New York based 3D printing company MakerBot is going to reduce its staff by 30%. The company was emblematic of indie development, coming out of Brooklyn in 2009. A peak year for hipsters. MakerBot was acquired by a globally focussed enterprise called Stratasys in 2013, a year after one of the co-founders Zachary Smith was pushed out. 100 of the then 500 employees were made redundant in 2015, to integrate better with their new owners Stratasys. Even the retail outlets were cut.
MakerBot rode the novel wave of 3D printing, the technology phase where consumers were allowed to play is now inevitably swept along by the industrial phase. Start ups need to prove their energetic rise is sustainable, continuously starting up becomes too appealling, too easy to retrace. Taking off from a runway for a start up means co-optation or some actually serious disruption has occurred. MakerBot’s home-based, do-it-your-self 3D printing ideal is a money killer in the long run. Their first products required a bit of soldering and assembly similar to IKEA furniture. Their last open source MakerBot printer was the Replicator, launched in 2012. Recent models are closed-box and ready to go.
In mid-2016 the manufacturing aspect of MakerBot was stripped and outsource to Jabil Circuit, a global manufacturer with presence in 23 countries and a workforce of 175,000. A big change from Brooklyn. Closing off hardware to open source principles caused controversy, 3D printers are a general purpose technological trend, which might sound boring but is really a high compliment. They’re able to re-define aspects of our lives we think unchangable. In the development of the computer there were competing ideas on how many there would be per person. Do we share a big one or everyone have a little one? You can see how this worked out on a hardware scale, its your phone isn’t it.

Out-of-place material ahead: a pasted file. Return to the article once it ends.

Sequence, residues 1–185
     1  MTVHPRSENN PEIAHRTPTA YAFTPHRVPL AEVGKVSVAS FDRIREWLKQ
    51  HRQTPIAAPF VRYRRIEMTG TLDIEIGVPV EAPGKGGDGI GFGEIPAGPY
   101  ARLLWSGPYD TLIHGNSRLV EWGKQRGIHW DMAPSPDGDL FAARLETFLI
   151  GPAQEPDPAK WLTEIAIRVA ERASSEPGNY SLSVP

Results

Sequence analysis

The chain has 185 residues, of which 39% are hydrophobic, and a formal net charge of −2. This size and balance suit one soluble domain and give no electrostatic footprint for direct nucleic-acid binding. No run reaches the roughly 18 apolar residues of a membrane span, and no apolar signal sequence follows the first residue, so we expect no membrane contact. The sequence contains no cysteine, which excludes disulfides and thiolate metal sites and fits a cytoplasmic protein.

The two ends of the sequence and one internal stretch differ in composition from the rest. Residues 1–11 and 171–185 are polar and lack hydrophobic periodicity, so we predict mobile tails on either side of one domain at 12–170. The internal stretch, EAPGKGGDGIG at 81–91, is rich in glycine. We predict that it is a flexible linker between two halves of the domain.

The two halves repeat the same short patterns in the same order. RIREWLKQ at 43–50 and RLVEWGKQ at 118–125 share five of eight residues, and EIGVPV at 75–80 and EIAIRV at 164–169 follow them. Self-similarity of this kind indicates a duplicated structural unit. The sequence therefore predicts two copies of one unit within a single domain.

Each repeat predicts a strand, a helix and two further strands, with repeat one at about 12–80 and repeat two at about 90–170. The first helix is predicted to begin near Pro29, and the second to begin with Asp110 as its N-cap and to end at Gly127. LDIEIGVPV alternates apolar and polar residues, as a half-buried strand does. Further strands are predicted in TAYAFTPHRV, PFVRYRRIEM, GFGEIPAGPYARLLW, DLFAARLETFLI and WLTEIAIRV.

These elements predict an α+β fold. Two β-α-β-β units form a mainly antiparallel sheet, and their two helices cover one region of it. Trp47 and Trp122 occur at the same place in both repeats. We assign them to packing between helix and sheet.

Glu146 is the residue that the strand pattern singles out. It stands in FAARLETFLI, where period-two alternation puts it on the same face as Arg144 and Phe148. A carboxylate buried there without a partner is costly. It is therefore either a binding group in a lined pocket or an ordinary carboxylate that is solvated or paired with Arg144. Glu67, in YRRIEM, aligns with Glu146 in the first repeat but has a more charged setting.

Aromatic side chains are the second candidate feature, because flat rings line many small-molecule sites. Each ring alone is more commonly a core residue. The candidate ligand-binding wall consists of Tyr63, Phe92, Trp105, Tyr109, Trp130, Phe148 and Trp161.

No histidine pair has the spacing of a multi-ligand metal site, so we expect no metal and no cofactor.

What the benefit of a 3D printer is really comes down to economics for you, the one who does all the buying. You probably will, if you can’t already, be able to pirate a car. For the moment 3D printers are confined to making household tat. A study from Michigan Technological University has assessed the economic benefit of 3D printing at home on small items. In the study a student with no prior experience of 3D printing was given a $1,250 FDM printer, the Lulzbot Mini 3D. Quick-start settings were used to illustrate the ease of printing. 26 items were printed over the course of 6 months, using 737.8g of filament. This is equivalent to $17.71 on materials and $0.92 in electricity. Analysis of the results suggest consumers who use in-house desktop 3D printers are able to earn an estimated 1,000% return on their investment over five years. This is however one study, more research with larger samples (just do it) would be excellent. We examine the potential of 3D printing for individuals more in this article.
MakerBot may be dissolving into a corporate solution, but the desktop 3D printing market is filled with options.